Mobile Learning Success – Keep it Simple

This post is part of a mobile learning series by Litmos Founder Rich Chetwynd (@richchetwynd)

The sure fire fastest way to make a mess of your mobile learning project is plan for a full featured large scale program with all the bells and whistles that might come in handy one day.

We’ve been down that track before and know that all this over-planning leads to is project scope creep, missed deadlines and extended budgets. Worst case scenario is that when your Taj Mahal of mobile learning projects actually goes live you get poor user adoption! #FAIL

If you’re developing for mobile learning its fair to say you’re living on the edge. Its the wild west out there with new vendors, platforms and most importantly mobile devices popping up almost daily. The last place you want to be is 6 months into a large scale mobile project when something revolutionary like the iPad rolls out and starts to change the game.

The key to keeping up with mobile technology and running well adopted, successful mobile campaigns it to keep it simple. Its easier said than done but to get started you really need to filter down to the single most important feature or concept that you need to make your project a success. A great way to do this is to list all of the ideas you have for your mobile project and then ask the question “If we could only do one of these things what would one would it be?”

A great example of this (that I must say has nothing to do with mobile but I like the general approach) is a new coffee guy that opened up near the Litmos offices recently.

This guy opened up shop in the back storage entrance to a hardware store. Foot traffic is great around that area but he didn’t have any signage or seating and it really did look like a dirty old doorway. The one thing he did have is a coffee machine and the skills to make a kick ass coffee which drew in the crowds and earned him a reputation. Project success! After many iterations over the past 6 months this guy now has seating, signage, shelter and it actually looks like a coffee shop.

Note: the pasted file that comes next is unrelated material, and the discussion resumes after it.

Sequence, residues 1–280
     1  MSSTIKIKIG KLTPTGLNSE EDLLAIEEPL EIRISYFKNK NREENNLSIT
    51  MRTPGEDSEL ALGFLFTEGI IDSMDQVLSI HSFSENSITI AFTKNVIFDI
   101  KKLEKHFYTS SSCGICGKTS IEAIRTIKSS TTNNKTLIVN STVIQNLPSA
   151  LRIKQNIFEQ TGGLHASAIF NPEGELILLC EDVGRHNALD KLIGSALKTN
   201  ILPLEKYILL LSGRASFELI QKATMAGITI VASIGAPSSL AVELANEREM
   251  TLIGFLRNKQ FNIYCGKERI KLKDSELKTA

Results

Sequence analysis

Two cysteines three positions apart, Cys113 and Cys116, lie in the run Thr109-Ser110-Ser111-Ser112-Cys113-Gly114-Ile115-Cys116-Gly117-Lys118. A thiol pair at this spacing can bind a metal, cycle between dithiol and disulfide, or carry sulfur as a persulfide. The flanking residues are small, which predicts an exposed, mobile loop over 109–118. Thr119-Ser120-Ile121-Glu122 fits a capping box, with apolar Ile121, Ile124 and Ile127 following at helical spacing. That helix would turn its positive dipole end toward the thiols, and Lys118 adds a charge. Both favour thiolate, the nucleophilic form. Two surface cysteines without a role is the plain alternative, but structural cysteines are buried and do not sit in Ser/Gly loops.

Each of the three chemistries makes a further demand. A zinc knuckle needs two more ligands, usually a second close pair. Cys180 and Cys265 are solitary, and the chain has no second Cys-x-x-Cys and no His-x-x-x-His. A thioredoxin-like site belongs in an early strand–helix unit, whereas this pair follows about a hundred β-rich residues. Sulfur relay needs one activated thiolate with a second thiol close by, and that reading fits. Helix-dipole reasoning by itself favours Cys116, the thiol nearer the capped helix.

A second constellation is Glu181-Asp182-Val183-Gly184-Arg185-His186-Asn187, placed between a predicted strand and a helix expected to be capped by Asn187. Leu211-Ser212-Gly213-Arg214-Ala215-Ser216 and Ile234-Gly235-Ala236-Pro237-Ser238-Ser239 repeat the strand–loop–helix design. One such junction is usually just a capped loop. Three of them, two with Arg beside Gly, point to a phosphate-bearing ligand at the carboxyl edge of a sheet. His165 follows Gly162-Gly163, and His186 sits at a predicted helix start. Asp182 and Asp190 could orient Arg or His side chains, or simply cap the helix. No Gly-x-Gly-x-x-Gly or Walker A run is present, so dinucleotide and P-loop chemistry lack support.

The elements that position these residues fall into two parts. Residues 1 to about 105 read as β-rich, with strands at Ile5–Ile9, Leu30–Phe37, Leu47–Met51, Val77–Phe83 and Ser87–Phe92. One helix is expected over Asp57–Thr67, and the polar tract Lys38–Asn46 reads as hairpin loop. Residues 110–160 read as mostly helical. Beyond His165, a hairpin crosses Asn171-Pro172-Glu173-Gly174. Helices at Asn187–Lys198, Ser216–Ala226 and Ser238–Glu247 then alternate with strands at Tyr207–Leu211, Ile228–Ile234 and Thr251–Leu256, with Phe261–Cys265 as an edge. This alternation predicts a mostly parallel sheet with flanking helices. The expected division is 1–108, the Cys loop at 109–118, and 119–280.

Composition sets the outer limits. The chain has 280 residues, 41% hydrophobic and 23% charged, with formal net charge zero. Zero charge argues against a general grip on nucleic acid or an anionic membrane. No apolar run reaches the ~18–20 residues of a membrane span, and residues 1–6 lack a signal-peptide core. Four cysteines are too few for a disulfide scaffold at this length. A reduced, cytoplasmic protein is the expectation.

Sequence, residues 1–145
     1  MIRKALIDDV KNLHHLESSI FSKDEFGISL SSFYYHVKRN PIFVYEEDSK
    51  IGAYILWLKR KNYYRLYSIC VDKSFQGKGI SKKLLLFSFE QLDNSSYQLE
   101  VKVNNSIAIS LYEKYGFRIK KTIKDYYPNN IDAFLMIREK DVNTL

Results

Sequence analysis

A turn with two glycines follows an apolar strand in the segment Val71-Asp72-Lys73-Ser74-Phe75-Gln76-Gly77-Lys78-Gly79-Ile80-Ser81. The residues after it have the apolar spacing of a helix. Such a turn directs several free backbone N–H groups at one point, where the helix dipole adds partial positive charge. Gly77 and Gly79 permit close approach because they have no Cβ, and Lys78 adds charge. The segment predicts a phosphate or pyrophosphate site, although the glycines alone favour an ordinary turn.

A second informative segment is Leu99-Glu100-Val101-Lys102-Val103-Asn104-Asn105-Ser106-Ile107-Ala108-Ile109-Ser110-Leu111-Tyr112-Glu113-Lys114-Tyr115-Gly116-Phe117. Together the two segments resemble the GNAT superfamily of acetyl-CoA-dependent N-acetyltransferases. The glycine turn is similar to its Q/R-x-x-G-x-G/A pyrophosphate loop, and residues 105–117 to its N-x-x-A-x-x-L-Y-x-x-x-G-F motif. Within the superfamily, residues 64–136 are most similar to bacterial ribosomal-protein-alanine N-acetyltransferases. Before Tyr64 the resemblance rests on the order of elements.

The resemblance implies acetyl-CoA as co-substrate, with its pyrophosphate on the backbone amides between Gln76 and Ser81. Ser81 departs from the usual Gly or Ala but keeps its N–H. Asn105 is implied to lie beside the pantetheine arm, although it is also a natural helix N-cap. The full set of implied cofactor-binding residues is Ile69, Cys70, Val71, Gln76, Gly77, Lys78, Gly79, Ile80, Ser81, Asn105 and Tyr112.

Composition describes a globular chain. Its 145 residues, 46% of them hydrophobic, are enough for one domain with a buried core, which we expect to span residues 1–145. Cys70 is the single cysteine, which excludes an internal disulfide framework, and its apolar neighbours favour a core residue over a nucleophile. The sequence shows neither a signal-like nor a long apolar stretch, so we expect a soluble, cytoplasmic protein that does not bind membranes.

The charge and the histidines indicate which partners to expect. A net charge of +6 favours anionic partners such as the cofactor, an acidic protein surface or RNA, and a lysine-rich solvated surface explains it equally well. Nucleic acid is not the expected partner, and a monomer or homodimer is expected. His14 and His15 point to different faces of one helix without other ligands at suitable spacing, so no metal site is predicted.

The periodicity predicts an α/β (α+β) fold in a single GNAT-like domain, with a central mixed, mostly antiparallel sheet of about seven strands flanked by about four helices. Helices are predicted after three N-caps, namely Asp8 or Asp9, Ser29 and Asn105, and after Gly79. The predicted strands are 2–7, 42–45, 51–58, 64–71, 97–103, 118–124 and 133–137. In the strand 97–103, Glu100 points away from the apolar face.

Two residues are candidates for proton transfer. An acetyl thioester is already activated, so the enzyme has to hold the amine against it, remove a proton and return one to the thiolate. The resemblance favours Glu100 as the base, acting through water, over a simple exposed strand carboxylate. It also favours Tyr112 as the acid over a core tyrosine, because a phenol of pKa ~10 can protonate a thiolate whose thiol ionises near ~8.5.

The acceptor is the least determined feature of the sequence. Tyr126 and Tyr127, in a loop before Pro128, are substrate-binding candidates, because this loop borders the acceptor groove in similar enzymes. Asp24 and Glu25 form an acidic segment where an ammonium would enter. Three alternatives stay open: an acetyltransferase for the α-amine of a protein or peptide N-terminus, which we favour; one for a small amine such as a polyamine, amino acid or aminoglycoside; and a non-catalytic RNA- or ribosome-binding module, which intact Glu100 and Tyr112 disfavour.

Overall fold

In the software world we call this Agile development and you will often hear the term “release often, release early”. What this means is that rather than plan and release a huge project in one hit, you focus on updating your project in many small iterations. To get started you focus on the smallest piece of core functionality that you need to get moving, build it and release it. Even if its not 100% how you envisaged, you have something out there that people can use and provide feedback on. The key benefit to this methodology is that you can make changes to the direction of your project in a snap, whether it be related to newly available technology or just from user feedback. It doesn’t matter because your project is agile.

So keep it simple. Do you really need GPS location features and that awesome interactive course schedule or could you make do with a simple course list?.

Get started now, release updates to your program often and early. Let your learners guide the content and usability that is best suited to mobile learning in your context and you’re sure to achieve a successful result.

Have you implemented a mobile project recently? Was it a success or did it fail? I’d love to hear about your experiences.